Fanning flames

Unrest in Ukraine, which erupted in November, has assumed serious proportions. Over 70,000 people are estimated to have participated in demonstrations on Sunday calling for the resignation of president Viktor Yanukovich. It was over Yanukovich’s rejection of a trade deal with the European Union in favour of closer relations with Russia that protests first erupted last year.

 Initially the protests were peaceful. However, these turned violent on January 19 in response to the enactment of a tough anti-protest legislation by the government. Since then protestors have hurled petrol bombs and stones, and torched buses while riot police have resorted to firing and used tear gas and water cannons to disperse the demonstrators. Although the anti-protest legislation has been revoked, an amnesty law for detainees passed and a new prime minister and cabinet put in place, the opposition is not relenting. 

The unrest in Ukraine has been described as domestic strife. It is not. Increasingly, it is becoming evident that this is a conflict between Russia and the West over Ukraine’s future.  The president has been close to Russia, a relationship that was strengthened further in December when Moscow announced a deal under which it would purchase US$15 billion worth of Ukrainian government bonds and sell it Russian gas at a heavily subsidised rate. The protestors are pro-West. Most of them are from the Kiev area and western Ukraine, where support for integration with the EU is stronger. US Secretary of State John Kerry’s statement of support for “the democratic, European aspirations” has fanned the flames of the unrest.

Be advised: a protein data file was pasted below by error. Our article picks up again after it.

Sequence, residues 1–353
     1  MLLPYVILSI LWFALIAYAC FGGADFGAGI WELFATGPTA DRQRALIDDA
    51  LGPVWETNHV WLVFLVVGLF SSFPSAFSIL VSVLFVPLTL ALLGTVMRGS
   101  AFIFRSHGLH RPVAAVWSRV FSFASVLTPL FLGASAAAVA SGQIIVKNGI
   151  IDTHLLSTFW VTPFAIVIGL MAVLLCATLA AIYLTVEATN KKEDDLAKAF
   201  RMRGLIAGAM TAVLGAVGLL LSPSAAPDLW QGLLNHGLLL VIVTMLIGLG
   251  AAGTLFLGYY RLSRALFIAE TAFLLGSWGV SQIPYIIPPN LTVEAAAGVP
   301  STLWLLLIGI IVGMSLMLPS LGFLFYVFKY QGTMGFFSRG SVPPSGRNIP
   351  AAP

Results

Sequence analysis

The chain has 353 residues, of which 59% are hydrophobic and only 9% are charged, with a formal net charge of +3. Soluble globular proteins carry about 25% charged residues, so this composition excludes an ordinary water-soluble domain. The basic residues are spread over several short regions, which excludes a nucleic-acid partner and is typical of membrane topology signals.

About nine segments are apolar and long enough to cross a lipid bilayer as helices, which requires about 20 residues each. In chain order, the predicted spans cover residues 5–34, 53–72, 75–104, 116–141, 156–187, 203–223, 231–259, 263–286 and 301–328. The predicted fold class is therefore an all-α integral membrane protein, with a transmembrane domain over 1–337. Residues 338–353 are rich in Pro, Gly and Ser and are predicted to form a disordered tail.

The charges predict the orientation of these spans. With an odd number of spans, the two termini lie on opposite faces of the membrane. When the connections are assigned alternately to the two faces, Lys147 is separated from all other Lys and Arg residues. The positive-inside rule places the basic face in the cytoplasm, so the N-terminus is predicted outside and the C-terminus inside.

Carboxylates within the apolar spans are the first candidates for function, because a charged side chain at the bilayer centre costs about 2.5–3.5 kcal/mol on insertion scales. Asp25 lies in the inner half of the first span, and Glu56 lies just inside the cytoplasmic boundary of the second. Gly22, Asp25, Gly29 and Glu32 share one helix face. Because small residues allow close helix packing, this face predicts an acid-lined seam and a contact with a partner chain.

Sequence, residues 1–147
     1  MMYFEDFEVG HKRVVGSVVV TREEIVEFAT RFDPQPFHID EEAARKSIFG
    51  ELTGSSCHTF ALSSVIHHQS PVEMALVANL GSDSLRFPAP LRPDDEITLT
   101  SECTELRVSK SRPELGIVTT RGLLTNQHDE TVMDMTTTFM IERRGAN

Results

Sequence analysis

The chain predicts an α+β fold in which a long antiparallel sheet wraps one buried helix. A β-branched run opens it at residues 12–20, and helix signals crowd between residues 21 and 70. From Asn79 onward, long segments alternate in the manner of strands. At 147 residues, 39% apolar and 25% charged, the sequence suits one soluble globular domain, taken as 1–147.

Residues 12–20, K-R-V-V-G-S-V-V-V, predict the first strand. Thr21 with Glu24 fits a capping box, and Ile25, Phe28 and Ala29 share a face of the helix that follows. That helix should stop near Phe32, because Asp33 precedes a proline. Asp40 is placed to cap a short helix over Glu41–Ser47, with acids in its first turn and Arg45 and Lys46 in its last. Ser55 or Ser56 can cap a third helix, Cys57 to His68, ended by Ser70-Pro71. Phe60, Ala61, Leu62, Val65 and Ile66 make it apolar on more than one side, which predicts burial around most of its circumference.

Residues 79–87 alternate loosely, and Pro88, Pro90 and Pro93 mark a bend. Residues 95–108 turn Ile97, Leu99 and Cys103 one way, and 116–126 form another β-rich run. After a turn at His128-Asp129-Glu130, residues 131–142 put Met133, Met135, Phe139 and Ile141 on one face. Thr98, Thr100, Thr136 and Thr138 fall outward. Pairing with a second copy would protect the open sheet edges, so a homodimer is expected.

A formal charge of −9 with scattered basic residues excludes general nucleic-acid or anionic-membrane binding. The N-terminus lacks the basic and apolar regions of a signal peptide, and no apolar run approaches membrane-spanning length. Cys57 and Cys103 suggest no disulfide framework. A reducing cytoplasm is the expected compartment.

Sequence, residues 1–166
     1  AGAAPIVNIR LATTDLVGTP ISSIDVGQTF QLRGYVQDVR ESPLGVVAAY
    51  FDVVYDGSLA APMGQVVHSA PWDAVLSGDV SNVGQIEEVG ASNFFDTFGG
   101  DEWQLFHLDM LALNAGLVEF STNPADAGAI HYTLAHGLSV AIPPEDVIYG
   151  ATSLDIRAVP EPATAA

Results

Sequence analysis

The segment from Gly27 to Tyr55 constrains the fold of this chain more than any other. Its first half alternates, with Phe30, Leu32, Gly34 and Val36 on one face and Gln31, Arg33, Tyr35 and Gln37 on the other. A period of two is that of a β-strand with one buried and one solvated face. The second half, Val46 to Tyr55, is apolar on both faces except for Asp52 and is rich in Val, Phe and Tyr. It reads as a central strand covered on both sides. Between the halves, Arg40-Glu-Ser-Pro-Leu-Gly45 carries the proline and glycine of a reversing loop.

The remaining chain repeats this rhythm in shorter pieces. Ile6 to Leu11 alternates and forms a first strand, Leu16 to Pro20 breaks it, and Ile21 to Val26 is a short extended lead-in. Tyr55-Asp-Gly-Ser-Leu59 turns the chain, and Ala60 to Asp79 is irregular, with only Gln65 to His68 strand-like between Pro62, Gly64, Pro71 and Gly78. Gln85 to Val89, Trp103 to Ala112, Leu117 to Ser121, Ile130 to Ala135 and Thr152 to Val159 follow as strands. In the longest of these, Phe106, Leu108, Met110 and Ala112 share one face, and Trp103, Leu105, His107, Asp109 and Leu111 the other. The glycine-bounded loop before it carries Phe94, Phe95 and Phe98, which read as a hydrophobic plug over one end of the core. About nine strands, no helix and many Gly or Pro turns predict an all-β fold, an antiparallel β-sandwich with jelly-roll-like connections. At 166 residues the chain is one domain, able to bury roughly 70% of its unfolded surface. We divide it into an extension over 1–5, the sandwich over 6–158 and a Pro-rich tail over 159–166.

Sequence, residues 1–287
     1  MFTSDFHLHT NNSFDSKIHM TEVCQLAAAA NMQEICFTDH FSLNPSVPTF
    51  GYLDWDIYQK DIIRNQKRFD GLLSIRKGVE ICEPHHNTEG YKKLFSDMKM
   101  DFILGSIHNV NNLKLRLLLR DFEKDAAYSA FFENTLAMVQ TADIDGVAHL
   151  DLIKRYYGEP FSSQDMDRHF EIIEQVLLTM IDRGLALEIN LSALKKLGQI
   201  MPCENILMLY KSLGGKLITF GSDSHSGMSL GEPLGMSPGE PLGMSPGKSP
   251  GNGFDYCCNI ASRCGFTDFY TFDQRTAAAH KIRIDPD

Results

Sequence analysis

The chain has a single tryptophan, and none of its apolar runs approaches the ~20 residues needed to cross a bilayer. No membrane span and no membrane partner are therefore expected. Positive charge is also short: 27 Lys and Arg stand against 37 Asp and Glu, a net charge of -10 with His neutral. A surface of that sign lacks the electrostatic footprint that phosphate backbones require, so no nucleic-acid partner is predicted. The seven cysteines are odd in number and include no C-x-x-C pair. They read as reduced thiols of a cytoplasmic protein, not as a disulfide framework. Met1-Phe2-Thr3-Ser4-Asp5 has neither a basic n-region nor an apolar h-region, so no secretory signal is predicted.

President Yanukovich has solid backing in the eastern parts of the country. Thus, the calls for his removal in the ongoing demonstrations in Kiev and other cities cannot be interpreted as having country-wide support. The West’s stirring of unrest in Ukraine is thus mischievous and aimed at destabilising the country and ousting a pro-Russian leader. Several of the leaders of the ‘remove Yanukovich’ demonstrations are members of the far-right. Their xenophobic agendas could come back to haunt the West. Given the deep political polarisation in Ukraine, there is a danger too of the current unrest escalating into a civil war. Its negative impact will not remain confined to Ukraine’s borders. That should prompt the US and EU to rethink their decision to stir trouble in Ukraine.

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